AIbZIP is a molecule whose function is to help read DNA, particularly in prostate cells. Dr. Labrie has recently found that levels of this protein are higher in prostate cancer cells than in normal prostate. The purpose of this project is to further study the function of this molecule. The study will examine the effect produced by selectively deleting AIbZIP in mice and the mechanisms controlling its function. In addition, the human and mouse versions of this molecule will be compared.

An in vivo demonstration of the IGF-dependent and IGF-independent effects of IGFBP-3 on progression of prostate cancer
Dr. Liam J. Murphy, Professor, University of Manitoba 

IGF, or Insulin-like Growth Factor, stimulates the growth of cells, including prostate cancer cells. IGFBP-3 is a protein found in the blood that binds IGF. In this project, Dr. Murphy will determine whether IGFBP-3 can inhibit growth of prostate cancer cells. Mouse models that develop prostate cancer will be studied to see if high levels of this molecule can slow prostate cancer growth.

The MSR1 gene and screen-detected prostate cancer
Dr. Steven A. Narod, Professor, Department of Public Health Sciences, University of Toronto  

A recent found that the risk of developing prostate cancer may be five times higher than normal in men with a certain variant of the MSR1 gene. This variant could be a cause of hereditary prostate cancer. In this study, Dr. Narod will examine how frequently certain variants of the MSR1 gene occur, and whether any of the variants are associated with an increased risk of having prostate cancer.

The role of bone-related factors in modulating androgen receptor activity and in the progression of prostate cancer
Dr. Paul S. Rennie, Director of Laboratory Research, University of British Columbia 

Advanced prostate cancer often spreads to the bones. Treatment for this usually involves removing the effect of the male hormones, androgens, in order to slow the growth of prostate tumours. However, prostate cancer cells eventually start to grow despite the lack of androgens. This study will examine the interaction between bone and prostate cancer cells. It will determine whether bone contains factors that stimulate the growth of prostate cancer cells even in the absence of androgens.

SAGE analysis of androgen-independent prostate cancer
Dr. Marianne D. Sadar, Senior scientist, British Columbia Cancer Agency 

Prostate cancer initially responds to removal of the male hormones, androgens, and this treatment strategy is used to control advanced prostate cancer. However, eventually prostate cancer cells atop responding to this therapy and start to grow even without androgens. The objective of this study is to better understand how prostate cancer cells are eventually able to grow in the absence of androgens. Changes in the way that genes function will be examined using SAGE (Serial Analysis of Gene Expression).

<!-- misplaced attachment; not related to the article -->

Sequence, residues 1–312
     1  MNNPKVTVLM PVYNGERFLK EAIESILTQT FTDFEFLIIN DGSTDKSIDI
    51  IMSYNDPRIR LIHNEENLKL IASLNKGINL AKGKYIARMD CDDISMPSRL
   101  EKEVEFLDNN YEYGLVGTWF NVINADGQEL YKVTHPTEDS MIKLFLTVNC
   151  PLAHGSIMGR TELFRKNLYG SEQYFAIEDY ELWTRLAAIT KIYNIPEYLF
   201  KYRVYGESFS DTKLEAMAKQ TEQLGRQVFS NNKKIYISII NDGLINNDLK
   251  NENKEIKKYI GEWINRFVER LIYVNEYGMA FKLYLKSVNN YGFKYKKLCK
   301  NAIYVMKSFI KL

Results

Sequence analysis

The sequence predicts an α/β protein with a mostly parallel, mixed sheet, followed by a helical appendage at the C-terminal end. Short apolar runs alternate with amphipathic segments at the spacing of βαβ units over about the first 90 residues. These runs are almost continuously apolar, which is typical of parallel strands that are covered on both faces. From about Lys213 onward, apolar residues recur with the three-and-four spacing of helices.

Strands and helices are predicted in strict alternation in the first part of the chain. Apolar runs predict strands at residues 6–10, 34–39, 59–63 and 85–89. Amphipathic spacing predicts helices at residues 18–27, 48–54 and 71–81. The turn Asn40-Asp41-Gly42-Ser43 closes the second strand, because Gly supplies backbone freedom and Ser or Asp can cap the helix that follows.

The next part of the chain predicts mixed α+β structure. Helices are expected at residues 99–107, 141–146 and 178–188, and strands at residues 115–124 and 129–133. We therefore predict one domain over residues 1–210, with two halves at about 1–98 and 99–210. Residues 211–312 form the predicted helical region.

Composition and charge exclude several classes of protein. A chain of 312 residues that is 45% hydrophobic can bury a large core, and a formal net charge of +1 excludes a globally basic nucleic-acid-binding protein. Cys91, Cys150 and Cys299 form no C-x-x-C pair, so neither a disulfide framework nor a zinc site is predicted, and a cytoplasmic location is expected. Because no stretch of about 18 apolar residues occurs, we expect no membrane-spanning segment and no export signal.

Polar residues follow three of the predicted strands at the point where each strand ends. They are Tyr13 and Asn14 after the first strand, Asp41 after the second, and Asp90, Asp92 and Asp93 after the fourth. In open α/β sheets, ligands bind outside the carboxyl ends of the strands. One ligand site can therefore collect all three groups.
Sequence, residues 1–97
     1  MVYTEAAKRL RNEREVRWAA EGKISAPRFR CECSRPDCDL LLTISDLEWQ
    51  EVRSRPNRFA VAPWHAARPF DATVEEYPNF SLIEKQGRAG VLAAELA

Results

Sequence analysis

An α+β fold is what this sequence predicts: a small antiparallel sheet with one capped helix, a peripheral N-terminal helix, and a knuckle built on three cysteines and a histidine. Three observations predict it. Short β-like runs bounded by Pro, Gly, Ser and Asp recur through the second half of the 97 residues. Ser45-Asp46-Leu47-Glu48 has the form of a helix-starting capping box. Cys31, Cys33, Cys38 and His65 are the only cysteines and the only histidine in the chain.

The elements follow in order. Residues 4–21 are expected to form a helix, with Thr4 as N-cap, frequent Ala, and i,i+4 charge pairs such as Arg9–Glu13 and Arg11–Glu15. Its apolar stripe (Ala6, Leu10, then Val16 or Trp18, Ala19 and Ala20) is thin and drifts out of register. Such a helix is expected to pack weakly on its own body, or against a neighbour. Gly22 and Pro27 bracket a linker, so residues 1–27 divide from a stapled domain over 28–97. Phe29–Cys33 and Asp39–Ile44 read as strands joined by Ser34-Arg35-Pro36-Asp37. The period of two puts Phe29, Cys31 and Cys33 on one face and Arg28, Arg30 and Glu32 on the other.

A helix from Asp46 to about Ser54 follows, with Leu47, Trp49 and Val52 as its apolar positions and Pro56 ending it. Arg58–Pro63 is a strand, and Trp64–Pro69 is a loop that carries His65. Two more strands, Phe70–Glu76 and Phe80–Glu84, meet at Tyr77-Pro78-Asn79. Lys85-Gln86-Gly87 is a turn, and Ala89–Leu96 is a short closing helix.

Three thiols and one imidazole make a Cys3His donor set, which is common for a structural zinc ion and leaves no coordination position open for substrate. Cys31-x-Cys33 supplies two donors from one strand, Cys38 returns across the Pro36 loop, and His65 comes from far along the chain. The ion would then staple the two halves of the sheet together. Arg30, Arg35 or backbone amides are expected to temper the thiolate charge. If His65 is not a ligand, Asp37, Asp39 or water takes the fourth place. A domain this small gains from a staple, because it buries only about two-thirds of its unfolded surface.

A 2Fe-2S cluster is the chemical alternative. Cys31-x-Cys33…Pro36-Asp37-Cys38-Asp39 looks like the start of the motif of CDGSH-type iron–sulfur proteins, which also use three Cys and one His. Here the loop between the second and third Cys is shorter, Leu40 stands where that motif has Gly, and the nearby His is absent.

Fluorescence-guided radical prostatectomy
Dr. John Trachtenberg, Fleck Tanenbaum Chair of Prostatic Disease, Princess Margaret Hospital 

During prostate cancer surgery, it is difficult to determine the presence and extent of disease beyond the prostate. This can result in inadvertently leaving cancer behind or in a more extensive surgery than necessary, which increases the risk of side effects. This study will examine whether giving a fluorescing compound just before surgery can help highlight where exactly the cancer is located.

A study of the value of plasma osteopontin as a tumor marker in men with hormone-refractory prostate cancer
Dr. Eric W. Winquist, Medical Oncologist, London Regional Cancer Center 

Osteopontin is a compound found in body fluids that is important for the growth, invasion, and spread of prostate cancer. It may be associated with prognosis in patients with prostate cancer. This study will measure the levels of osteopontin in the blood of patients with very advanced prostate cancer. The ability of osteopontin levels to predict response to therapy and survival will be determined.

Establishment and characterization of a knock out (in) mouse prostate cancer model
Dr. Jim W. Xuan, Associate Professor, University of Western Ontario 

Dr. Xuan's prior work has involved development of a mouse prostate cancer model. For this study, the objective is to study the tumors of this mouse model further, and for a longer period of time. Changes in genes that result in spread of prostate cancer will be examined.